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yyrkoon

SocketCAN help needed

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I've used packed unions before for reading from flash and dumping into a structure for use later.

I guess I was too entrenched into higher level languages to even care about the need for "objects" in C. But now that I'm deeply intrenched into C, and Linux for embedded devices. I suppose I am more motivated to truly learn the language. Actually exploring the advanced usage of, etc.

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Speaking of structures, and unions. I wonder if anyone has comments on what is the best / most efficient way to copy one structure into another ? Googling now, but that does not guarantee I'll find a good, correct answer. I know of a couple ways off the top of my head that I can think of but . . .

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Actually the whole problem is this:

 

1- copying frames from socketCAN into a buffer - SOLVED

2- copying the buffer from step 1 into a data type that can then easily represent what the data in the buffer means - SOLVED

3- copying the data from the data structure from 2nd step, into yet another pre-formated type. - UNSOLVED

 

So obviously I do not want to use more memory / resources than necessary. But am starting to see no real way around directly assigning members from step 2 directly into members of some data type in step 3. The data type in step 3 I am hoping to to form a JSON object, but am starting to stumble when considering a "generic" type for representing all possibilities. Where the size of the fully constructed buffer will definitely vary. Any ideas ?

 

EDIT:

 

So the only real way that I can think of, which I can do this. Is to write a function, switch / case off of some value( this part I know already ), and create / construct each buffer type by hand. Seems really clunky to me, but until I can get some code on "paper" to look at. I'll probably not be able to see it any other way. Perhaps even using a union{struct} type again to keep many lines of sprintf() / strncpy() from occurring. . . hmmmm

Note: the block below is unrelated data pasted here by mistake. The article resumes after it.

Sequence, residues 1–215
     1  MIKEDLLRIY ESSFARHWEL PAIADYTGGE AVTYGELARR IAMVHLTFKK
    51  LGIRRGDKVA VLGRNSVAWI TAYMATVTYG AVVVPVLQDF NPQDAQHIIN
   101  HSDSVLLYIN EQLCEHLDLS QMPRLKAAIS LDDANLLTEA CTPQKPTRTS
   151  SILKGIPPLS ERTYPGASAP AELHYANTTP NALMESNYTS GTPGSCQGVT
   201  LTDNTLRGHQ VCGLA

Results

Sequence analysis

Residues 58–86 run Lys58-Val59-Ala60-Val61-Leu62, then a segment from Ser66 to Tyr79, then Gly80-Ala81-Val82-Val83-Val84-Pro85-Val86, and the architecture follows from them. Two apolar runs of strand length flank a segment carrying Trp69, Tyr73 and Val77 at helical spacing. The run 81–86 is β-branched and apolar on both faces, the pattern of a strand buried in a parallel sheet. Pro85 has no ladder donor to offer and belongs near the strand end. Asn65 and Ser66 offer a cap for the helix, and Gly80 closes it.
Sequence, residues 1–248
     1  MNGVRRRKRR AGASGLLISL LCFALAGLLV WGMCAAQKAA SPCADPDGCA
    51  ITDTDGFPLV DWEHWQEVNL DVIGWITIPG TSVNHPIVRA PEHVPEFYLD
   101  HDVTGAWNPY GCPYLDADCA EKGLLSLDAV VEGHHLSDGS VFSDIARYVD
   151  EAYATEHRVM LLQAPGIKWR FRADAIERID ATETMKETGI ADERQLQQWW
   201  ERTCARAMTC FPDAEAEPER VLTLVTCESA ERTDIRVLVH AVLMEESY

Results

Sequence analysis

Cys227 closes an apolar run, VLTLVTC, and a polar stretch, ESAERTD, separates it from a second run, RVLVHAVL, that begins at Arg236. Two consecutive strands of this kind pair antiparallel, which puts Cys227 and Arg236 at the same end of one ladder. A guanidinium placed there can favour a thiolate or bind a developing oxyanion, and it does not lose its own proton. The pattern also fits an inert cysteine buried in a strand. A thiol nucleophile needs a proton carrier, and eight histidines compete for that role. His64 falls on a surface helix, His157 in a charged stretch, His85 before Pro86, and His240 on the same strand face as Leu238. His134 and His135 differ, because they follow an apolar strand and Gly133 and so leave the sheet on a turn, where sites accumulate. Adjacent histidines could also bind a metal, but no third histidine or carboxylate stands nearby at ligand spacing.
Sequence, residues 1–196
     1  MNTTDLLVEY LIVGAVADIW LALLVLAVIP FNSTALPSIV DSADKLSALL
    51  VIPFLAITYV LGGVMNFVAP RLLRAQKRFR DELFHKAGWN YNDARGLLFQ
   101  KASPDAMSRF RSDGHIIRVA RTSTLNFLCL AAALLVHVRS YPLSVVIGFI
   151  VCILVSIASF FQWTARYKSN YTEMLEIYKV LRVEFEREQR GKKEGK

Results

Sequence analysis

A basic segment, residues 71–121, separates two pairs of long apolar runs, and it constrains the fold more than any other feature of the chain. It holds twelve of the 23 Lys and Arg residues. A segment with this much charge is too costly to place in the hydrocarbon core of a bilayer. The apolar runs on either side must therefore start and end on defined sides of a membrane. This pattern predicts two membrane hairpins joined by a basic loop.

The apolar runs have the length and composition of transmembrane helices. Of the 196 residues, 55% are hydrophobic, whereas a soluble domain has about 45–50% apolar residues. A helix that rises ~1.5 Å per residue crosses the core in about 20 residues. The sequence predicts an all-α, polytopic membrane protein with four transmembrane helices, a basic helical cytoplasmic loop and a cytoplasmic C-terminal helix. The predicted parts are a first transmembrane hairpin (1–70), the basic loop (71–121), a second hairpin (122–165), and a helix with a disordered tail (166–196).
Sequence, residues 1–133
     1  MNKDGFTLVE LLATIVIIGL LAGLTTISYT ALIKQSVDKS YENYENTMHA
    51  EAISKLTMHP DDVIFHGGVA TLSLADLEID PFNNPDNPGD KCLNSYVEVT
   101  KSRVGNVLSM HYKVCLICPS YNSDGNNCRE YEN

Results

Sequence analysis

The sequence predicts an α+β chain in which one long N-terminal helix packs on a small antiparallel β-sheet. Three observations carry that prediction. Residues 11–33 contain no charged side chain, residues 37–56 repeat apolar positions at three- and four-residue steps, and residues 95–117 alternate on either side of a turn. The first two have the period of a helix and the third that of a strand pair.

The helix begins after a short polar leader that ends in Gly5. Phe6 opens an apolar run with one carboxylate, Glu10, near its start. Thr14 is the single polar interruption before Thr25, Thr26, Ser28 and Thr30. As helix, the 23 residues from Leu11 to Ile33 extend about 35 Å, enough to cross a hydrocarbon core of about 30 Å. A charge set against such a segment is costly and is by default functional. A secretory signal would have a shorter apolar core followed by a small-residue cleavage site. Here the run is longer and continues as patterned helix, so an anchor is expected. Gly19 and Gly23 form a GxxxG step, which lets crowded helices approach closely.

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grrrr internet been down all day. But anyway, ran into a hiccup where using malloc() to initialize a data type in my shared memory module was somehow causing SIGSEGV. Did not have gdb installed, nor strace, and with internet down. I could not track it down . . .

 

So was reading the book "The Linux programming interface", and was reading about alloca() when I read something to the effect of ...

Using alloca() can be especially useful if we employ longjmp() (Section 6.8) or siglongjmp() (Section 21.2.1) to perform a nonlocal goto from a signal handler. In this case, it is difficult or even impossible to avoid memory leaks if we allocatedmemory in the jumped-over functions using malloc(). By contrast, alloca() avoids this problem completely, since, as the stack is unwound by these calls, the allocated memory is automatically freed.

So . . . I gave alloca() a shot, and *bam* code instantly started working . . . all while reducing my code by around 20 lines. Since I no longer needed a *New, and *Delete function to handle the dynamic memory for a data type that did not last longer than the calling function anyway :/ *slaps forehead*.

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Anyway, this bothers me. But it does have it's merits I guess. Such as no additional overhead, and simplicity . . . aside from that. No size checking, sprintf() straight into a mmap()'d file pointer, and . . . yeah I don't know.

void WriteToShm(shm_t *shm, statistics_t *stats){
    LockShm(shm);

    switch(stats->length){
        case 0x49:    // AC_OUTPUT_STATUS
            sprintf(shm->mmap_addr,
            "{ \"srcid\": %d, \"rms_voltage\": %.2f, \"current\": %05.2f, \"frequency\": %.2f}\n",
            stats->acdata.srcid, stats->acdata.L3_rms_voltage * .001,
            stats->acdata.L3_current * .01, stats->acdata.L3_frequency * .01);
        break;
        default:
        break;
    }

    UnlockShm(shm);
}

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More sidetracking, but good news . . .

william@debian-can:~/refactor$ valgrind --leak-check=yes test
==2572== Memcheck, a memory error detector
==2572== Copyright (C) 2002-2011, and GNU GPL'd, by Julian Seward et al.
==2572== Using Valgrind-3.7.0 and LibVEX; rerun with -h for copyright info
==2572== Command: test
==2572==
==2572==
==2572== HEAP SUMMARY:
==2572==     in use at exit: 0 bytes in 0 blocks
==2572==   total heap usage: 30 allocs, 30 frees, 1,985 bytes allocated
==2572==
==2572== All heap blocks were freed -- no leaks are possible
==2572==
==2572== For counts of detected and suppressed errors, rerun with: -v
==2572== ERROR SUMMARY: 0 errors from 0 contexts (suppressed: 11 from 6)

Was just reading yet another book "21st century C" , and while reading chapter2 "Valgrind" was brought back to my attention. So decided to take a detour and check for memory leak status.

 

Anyway, I'm reading all these books in hopes of filling in the gaps in my C knowledge. Which in places seems to be very extensive. Such as I know my "modules" are all wrong. e.g. all the source in located in header files, which I think is creating a problem for me in relation to static functions, and their scope . . . Nothing critical, but I'd rather that scope was limited to the actual module when the modifier static was used . . .  Looking for a good read on the subject, but have yet to find anything.